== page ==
Tuesday, April 13, 2021     Volume: 22, Issue: 6
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Santa Maria Sun / News

The following article was posted on March 3rd, 2021, in the Santa Maria Sun - Volume 22, Issue 1 [ Submit a Story ]
The following articles were printed from Santa Maria Sun [santamariasun.com] - Volume 22, Issue 1

Some North County schools return to in-person, Santa Maria-Bonita isn't yet

By Malea Martin

While Orcutt Union School District and Lompoc Unified School District are set to reopen for elementary grade level in-person instruction early next week, Santa Maria-Bonita School District (SMBSD) will remain at a distance for the time being.


STILL VIRTUAL
Santa Maria-Bonita School District isn’t ready to return to in-person instruction yet, school officials say, but may be required to do so by mid-April.
FILE PHOTO BY JAYSON MELLOM

According to state guidelines, once a county brings its adjusted case rate per 100,000 population to under 25 for five consecutive days, transitional kindergarten (TK) through sixth grades can reopen for in-person instruction. As of March 2, Santa Barbara County’s case rate sat at 13, giving elementary schools the green light to return to in-person.

Before reopening, districts are required to have their school safety plans approved by the Santa Barbara County Public Health Department, county Superintendent of Schools Dr. Susan Salcido wrote in a Feb. 18 letter. Both the Lompoc and Orcutt school districts have approved safety plans on file with the department, Salcido wrote.

Orcutt Superintendent Holly Edds wrote a letter to the district community stating that on March 9, “we will move forward with phasing in our TK-6 blended learning program beginning with our transitional kindergarten and kindergarten students and will continue to add additional grades and cohorts over a two-week period.” The district is dividing each grade of students into cohorts A and B, which will alternate between being in person and at a distance.

Lompoc is taking a similar approach: According to a schedule posted to the district’s website, cohort A students will learn in-person in the mornings, and cohort B students in the afternoons. All students will be at a distance on Wednesdays. 

But Santa Maria-Bonita won’t yet be taking advantage of the new elementary school allowances afforded by the county’s case rate. At a Feb. 24 special meeting, school board members and district leadership met virtually to discuss why the district isn’t ready yet.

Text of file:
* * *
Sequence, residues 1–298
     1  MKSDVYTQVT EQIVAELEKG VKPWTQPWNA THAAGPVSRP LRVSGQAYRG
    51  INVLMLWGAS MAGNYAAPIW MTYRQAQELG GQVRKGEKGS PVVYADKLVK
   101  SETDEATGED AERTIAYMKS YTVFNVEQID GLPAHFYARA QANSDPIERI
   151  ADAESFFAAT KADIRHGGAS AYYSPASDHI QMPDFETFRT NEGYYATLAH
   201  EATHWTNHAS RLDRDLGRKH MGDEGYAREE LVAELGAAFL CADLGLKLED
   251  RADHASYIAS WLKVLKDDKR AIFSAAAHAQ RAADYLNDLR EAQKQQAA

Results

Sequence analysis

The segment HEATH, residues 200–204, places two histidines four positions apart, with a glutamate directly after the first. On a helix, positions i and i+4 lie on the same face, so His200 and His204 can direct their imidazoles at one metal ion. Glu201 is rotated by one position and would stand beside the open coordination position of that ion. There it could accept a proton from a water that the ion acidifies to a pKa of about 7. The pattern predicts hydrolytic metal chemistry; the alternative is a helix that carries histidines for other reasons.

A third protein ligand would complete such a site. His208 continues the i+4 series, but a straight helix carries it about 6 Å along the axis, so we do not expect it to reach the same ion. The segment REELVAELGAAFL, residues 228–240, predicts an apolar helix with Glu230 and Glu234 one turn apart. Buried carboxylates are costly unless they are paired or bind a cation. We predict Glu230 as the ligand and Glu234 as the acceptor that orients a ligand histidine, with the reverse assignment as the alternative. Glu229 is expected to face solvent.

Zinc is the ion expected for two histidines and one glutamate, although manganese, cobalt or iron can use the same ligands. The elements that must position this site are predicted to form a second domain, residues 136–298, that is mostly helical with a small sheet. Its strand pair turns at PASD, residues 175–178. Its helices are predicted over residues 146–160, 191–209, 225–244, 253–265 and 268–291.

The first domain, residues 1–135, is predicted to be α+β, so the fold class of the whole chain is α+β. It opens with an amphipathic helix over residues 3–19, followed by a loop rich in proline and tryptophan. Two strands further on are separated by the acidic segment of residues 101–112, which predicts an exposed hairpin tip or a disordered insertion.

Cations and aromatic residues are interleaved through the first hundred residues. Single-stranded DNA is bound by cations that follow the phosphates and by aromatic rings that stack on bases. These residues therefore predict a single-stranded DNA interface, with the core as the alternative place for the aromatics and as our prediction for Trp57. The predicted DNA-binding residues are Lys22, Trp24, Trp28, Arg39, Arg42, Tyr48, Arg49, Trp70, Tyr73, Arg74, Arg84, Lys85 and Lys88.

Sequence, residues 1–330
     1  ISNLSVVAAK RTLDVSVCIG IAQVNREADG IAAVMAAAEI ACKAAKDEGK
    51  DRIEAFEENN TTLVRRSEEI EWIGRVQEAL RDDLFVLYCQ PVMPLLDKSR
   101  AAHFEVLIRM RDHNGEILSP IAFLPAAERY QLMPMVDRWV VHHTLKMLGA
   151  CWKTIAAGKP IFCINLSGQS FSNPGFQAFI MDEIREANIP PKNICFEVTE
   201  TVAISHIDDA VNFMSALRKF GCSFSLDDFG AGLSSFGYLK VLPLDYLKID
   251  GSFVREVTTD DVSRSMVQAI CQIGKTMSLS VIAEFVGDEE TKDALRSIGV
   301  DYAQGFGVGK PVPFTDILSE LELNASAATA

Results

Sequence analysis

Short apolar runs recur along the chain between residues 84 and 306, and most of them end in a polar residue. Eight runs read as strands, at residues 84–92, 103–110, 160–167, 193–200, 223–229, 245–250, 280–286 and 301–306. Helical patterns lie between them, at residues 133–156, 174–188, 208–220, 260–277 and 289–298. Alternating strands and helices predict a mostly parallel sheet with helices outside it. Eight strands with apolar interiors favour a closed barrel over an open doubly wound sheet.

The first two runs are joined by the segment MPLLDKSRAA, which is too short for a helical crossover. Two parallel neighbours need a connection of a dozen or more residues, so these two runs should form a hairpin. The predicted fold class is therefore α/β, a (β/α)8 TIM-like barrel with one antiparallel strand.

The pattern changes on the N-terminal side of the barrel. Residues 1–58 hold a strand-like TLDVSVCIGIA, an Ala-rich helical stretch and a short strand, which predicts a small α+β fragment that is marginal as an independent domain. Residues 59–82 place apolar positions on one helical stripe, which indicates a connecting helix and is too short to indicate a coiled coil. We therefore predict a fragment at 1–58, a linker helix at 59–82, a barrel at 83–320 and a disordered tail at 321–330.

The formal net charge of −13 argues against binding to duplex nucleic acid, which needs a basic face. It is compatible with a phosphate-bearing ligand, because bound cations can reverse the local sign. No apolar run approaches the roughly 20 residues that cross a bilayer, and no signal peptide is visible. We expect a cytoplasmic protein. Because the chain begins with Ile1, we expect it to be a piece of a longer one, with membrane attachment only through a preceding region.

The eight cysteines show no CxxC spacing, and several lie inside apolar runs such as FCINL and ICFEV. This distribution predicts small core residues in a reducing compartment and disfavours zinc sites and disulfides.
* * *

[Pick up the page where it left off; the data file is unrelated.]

Assistant Superintendent of Instructional Services Melissa Dutra said that SMBSD is opting to watch and learn from other large districts that are outside of Santa Barbara County.

“We are a big district,” Dutra said. “We can’t look at our local districts and say, ‘Let’s do what they’re doing,’ because we’re different.”

However, new state legislation may force the district to move more quickly on a return to the classroom. Assembly Bill 86 and Senate Bill 86 are companion bills in California that passed in mid-January and require all schools to offer optional in-person instruction to certain vulnerable groups of students across all grade levels by April 15, SMBSD Superintendent Luke Ontiveros said at the meeting. The bills also require all schools in red, orange, and yellow tier counties to reopen K through 6 instruction by April 15.

“It’s likely in another six weeks, we may, if this trend continues, we may be in the red tier,” Ontiveros said. “And at that point, we will be required at a K [through] 6 level to open.”

While public comment at the meeting included those both in support and against the district’s choice to remain at a distance, many teachers were hesitant about returning to the classroom. 

Sanchez Elementary sixth-grade teacher Lucia Carmona-Uribe said in a written public comment that adding in-person instruction to the distance model will increase challenges for teachers and may lower the quality of instruction for students.

“We will need to reteach many first week-of-school norms as well as new pandemic-era norms,” Carmona-Uribe wrote. “This will greatly take away time from academic instruction. I also worry that a hybrid schedule will give students less synchronous time with their teachers than our current distance learning schedule allows, further diminishing the academic [instruction] students receive.”

Other teachers expressed concerns about returning to in-person instruction before being vaccinated. While Santa Barbara County opened up its first vaccine clinics for educators during the week of March 1, availability remains limited.

“I am concerned about going back to school without being vaccinated,” El Camino Junior High teacher Elizabeth Martinez said in a written public comment. “Being of Native American heritage, I’ve had five members of my family lose their battle with COVID over the past year. … The district needs to take steps to make sure their staff has a fighting chance to survive this virus.” 










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What do you think about the county opening up the vaccine to 16-plus at some clinics?

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I would have preferred more sectors to get access before opening to everyone.
The state plans to do the same thing in about a week, so it doesn't make a big difference.

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